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Simple Things To Protect The Internet

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The debate surrounding net neutrality has been ongoing for more than a decade and is equally heated on both sides. Essentially, the principle of net neutrality would remove restrictions on user access to content on the Internet. This means Internet Service Providers cannot favor certain websites or give precedence based on content. But it may also mean ISPs have more freedom to monitor user activity.

Advocates say net neutrality would give everyone equal access to the web. In principle, users would be able to control what content they can access on the Internet, as ISPs wouldn't be able to block certain content, like P2P or voice over Internet protocol sites for example, based on their own discrimination. Proponents argues that this would improve transparency and promote fair practices, which could benefit smaller websites.

Opponents, largely consisting of ISPs, telecoms and hardware companies, argue that net neutrality inhibits ISPs' ability to manage web traffic, which could seriously impede speeds, especially during peak hours. Some also say that net neutrality violates property rights, because ISPs themselves own the channels through which people can access the Internet.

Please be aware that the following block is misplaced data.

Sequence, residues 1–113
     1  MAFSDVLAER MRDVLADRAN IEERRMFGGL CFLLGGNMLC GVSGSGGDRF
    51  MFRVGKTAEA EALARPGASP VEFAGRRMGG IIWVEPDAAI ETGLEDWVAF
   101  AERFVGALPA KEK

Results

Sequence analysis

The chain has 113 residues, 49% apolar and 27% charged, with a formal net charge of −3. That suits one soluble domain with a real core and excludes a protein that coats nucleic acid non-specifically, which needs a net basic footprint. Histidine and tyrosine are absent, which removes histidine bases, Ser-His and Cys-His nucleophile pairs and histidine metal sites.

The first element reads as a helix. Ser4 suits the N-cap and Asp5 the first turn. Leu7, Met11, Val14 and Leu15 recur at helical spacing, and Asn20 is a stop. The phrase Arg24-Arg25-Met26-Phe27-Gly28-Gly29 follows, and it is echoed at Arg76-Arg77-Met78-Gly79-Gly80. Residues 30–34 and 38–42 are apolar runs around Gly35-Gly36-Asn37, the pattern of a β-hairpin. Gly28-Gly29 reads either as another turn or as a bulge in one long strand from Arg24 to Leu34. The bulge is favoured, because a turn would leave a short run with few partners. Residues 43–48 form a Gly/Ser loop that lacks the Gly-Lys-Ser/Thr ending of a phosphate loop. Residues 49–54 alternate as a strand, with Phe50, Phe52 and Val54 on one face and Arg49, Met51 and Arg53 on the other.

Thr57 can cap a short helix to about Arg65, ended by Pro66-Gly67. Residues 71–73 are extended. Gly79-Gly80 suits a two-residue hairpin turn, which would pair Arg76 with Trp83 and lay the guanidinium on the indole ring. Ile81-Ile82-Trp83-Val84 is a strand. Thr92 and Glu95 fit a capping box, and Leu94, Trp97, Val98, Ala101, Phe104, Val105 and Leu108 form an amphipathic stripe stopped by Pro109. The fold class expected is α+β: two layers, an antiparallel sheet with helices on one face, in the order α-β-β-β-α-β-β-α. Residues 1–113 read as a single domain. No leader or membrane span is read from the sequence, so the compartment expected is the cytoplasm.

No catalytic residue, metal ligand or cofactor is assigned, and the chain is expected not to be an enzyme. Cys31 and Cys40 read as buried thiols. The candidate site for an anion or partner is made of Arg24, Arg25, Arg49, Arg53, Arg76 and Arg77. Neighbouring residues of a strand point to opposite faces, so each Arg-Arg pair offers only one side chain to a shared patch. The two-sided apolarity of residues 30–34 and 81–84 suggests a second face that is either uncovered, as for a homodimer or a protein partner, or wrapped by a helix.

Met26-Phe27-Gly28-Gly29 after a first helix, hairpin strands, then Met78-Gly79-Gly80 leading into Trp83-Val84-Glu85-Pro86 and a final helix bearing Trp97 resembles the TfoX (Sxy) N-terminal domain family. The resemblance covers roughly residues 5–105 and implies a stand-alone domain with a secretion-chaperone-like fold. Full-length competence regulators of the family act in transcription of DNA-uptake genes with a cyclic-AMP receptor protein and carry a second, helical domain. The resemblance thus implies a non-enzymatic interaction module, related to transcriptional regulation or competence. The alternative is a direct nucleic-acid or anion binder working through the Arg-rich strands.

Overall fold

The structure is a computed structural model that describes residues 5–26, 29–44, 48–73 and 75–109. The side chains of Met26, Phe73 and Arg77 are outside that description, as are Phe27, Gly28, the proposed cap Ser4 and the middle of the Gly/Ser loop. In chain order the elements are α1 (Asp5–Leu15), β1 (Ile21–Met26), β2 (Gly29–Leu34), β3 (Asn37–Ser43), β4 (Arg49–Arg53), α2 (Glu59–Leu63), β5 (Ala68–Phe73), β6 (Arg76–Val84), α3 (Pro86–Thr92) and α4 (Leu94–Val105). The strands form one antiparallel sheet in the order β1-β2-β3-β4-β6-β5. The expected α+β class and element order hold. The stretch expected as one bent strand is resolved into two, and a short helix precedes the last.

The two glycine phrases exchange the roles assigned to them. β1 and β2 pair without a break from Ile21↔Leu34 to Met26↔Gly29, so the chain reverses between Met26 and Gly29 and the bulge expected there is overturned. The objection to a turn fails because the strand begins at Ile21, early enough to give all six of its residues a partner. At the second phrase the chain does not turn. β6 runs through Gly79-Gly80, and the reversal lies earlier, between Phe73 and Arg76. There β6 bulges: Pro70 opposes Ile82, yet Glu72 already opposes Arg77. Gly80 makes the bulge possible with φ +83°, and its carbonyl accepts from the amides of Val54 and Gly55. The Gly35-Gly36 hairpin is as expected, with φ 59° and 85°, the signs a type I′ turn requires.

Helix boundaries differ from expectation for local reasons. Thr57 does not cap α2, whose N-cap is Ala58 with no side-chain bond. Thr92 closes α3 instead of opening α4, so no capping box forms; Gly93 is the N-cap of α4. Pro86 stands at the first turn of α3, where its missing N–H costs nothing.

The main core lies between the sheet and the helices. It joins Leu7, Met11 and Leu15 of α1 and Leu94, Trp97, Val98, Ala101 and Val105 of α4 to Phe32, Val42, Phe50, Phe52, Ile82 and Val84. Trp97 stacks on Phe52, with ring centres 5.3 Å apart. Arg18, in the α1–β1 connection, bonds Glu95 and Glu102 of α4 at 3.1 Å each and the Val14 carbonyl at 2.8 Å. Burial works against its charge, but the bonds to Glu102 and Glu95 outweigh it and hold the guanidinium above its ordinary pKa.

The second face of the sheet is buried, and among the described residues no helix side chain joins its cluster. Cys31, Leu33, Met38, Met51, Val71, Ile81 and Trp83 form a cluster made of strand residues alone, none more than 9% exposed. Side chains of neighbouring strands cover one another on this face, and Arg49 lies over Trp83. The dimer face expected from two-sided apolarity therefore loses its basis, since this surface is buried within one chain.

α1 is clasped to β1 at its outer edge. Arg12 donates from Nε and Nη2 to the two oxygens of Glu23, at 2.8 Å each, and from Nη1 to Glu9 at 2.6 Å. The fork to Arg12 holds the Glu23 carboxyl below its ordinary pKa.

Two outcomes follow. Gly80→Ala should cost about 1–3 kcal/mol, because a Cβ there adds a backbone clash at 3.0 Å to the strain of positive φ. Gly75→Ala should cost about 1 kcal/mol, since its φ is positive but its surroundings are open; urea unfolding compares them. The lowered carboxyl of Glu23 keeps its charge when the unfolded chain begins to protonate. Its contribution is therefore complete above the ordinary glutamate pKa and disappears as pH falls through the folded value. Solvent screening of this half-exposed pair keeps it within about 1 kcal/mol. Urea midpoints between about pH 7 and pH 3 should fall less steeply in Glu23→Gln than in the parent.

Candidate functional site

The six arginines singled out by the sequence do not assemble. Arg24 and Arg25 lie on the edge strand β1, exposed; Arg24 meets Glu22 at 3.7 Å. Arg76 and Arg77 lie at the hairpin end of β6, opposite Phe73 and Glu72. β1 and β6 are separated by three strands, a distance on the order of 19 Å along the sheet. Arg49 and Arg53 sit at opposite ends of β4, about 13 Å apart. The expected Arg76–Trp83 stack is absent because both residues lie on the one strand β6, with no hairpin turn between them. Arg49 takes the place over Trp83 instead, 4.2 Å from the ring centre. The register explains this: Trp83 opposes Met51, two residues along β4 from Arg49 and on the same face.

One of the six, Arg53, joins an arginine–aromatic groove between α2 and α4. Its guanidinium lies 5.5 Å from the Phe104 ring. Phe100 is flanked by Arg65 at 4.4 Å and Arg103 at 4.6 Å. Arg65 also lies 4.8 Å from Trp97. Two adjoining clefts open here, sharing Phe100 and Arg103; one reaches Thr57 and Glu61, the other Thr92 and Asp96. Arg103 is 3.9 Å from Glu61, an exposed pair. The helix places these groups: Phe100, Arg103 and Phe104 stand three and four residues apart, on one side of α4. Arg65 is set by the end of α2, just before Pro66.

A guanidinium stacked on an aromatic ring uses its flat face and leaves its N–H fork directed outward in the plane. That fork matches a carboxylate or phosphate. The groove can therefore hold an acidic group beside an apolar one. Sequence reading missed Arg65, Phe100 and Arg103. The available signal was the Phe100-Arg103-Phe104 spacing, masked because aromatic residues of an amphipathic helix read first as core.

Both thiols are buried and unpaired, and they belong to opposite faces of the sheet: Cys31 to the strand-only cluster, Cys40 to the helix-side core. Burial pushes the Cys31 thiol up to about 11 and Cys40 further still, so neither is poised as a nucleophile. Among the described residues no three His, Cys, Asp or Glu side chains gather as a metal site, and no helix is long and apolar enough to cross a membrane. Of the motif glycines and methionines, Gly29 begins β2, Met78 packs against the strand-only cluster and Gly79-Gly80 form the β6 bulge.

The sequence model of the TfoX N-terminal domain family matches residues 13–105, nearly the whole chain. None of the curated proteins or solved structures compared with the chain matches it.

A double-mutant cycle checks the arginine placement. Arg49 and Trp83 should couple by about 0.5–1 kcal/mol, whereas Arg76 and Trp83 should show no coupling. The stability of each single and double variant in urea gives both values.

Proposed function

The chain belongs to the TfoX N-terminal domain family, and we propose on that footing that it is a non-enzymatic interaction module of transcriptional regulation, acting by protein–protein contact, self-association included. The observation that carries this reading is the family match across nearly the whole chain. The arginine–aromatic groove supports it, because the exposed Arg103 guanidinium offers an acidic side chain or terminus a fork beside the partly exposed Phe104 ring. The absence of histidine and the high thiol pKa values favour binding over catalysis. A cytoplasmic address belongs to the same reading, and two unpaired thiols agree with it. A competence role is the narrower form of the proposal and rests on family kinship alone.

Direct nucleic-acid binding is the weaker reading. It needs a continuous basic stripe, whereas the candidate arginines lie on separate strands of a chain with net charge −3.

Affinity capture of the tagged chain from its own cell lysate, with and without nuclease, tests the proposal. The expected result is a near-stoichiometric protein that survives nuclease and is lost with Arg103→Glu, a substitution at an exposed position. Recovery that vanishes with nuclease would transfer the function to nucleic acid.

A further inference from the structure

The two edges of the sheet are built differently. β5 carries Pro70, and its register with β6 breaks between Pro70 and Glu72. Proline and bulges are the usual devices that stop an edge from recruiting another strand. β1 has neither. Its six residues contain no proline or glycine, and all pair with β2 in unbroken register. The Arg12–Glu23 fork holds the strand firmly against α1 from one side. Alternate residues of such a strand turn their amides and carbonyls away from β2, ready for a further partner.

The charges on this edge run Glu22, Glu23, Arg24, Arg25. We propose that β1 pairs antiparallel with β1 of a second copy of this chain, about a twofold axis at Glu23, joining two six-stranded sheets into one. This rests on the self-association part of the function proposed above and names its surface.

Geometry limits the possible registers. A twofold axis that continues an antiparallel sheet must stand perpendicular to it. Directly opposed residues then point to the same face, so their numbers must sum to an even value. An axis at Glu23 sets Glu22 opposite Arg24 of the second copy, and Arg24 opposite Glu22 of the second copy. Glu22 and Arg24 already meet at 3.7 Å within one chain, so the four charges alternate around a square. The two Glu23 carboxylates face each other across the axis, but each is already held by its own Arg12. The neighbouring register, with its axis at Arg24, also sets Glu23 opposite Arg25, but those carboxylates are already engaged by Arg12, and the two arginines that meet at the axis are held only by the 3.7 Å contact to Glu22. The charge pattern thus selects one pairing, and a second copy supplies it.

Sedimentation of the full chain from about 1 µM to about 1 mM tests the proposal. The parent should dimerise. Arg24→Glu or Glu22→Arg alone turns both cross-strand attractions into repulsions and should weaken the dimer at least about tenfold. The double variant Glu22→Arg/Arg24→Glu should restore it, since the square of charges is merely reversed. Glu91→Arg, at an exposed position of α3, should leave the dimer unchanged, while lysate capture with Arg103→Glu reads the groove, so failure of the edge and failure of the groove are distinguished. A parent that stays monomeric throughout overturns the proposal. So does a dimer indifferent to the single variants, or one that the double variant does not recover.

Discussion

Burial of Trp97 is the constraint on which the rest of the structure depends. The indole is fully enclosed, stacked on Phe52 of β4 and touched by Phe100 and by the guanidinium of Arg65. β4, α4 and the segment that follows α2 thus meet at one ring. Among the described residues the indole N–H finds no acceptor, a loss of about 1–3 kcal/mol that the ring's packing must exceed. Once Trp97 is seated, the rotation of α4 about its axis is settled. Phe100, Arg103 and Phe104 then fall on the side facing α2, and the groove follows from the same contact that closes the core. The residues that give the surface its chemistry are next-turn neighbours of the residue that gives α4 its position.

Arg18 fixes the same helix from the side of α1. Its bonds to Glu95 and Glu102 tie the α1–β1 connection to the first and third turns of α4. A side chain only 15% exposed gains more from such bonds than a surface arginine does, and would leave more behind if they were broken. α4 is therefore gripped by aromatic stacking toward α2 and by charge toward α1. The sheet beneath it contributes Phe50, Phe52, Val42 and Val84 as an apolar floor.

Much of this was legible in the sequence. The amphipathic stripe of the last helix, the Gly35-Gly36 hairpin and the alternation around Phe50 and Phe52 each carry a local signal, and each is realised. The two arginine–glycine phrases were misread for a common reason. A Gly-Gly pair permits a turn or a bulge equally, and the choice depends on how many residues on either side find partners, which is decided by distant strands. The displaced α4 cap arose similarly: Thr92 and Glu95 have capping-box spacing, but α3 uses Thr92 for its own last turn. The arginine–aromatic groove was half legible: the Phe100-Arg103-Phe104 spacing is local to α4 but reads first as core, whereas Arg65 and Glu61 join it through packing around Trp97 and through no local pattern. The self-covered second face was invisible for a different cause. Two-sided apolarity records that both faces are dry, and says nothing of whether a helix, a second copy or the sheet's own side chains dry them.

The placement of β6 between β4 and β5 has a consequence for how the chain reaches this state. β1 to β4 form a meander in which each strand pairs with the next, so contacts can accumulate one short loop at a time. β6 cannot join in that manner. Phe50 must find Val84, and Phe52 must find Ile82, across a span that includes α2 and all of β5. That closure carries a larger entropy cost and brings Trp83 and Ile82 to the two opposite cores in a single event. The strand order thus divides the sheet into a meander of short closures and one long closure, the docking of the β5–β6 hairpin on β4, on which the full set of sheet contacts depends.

At issue is the question of whether an ISP should be able to block or slow access to some networks, some content, or some applications, and whether that ISP should be able to charge more for access or not. Today, ISPs charge only for bandwidth, regardless of how it's used.

It's not a far stretch to imagine your bandwidth provider telling you that if you want to use their cloud offering, access is free, but if you want to use a larger cloud with more features, faster performance, or better pricing, you'll have to pay a steep toll to access it. Extending the analogy even more, your telecom could even potentially charge you a "Salesforce.com toll" or "Amazon EC2 toll" on your bandwidth.

Even worse, this gives your ISP license to spy on what your employees do online by opening your network packets to see what's inside.

Now more than ever, it's time to ensure that enterprises encrypt all public network traffic to the cloud. It's becoming very apparent that security on the way to the cloud and in the cloud itself will be a major issue for enterprises this year.

The author is Managing Director, APAC, Trend Micro


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